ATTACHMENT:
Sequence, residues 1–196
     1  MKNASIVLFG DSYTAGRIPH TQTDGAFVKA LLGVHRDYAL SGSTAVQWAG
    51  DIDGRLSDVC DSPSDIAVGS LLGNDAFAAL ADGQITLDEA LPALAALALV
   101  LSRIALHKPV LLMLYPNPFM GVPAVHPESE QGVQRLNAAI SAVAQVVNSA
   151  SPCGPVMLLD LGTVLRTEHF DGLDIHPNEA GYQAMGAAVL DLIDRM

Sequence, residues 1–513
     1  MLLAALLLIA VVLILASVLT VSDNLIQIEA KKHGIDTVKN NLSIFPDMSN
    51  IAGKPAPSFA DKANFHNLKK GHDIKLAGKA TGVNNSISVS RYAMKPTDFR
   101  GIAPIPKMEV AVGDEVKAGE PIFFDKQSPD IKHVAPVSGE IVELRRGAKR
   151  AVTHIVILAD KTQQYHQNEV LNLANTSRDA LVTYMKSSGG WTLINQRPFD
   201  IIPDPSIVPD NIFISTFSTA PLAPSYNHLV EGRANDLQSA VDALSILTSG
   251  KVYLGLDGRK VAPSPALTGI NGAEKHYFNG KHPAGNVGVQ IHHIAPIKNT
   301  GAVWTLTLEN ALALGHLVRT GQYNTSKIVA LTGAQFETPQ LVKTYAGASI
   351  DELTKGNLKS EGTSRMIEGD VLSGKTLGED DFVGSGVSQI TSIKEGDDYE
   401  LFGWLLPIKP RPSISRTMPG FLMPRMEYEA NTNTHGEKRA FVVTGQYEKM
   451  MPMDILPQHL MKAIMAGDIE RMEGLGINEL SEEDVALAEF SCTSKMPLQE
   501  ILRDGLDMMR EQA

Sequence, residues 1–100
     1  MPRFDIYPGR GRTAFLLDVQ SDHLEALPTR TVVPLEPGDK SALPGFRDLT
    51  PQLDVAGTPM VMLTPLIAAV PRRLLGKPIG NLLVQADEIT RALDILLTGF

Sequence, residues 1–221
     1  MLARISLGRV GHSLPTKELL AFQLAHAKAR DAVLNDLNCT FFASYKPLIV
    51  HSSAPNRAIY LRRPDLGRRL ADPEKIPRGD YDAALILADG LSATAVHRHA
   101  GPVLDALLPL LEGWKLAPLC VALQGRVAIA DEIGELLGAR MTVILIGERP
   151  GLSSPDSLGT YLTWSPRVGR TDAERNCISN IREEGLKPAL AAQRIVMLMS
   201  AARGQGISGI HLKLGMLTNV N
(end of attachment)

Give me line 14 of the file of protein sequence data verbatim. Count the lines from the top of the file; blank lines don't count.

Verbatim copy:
   351  DELTKGNLKS EGTSRMIEGD VLSGKTLGED DFVGSGVSQI TSIKEGDDYE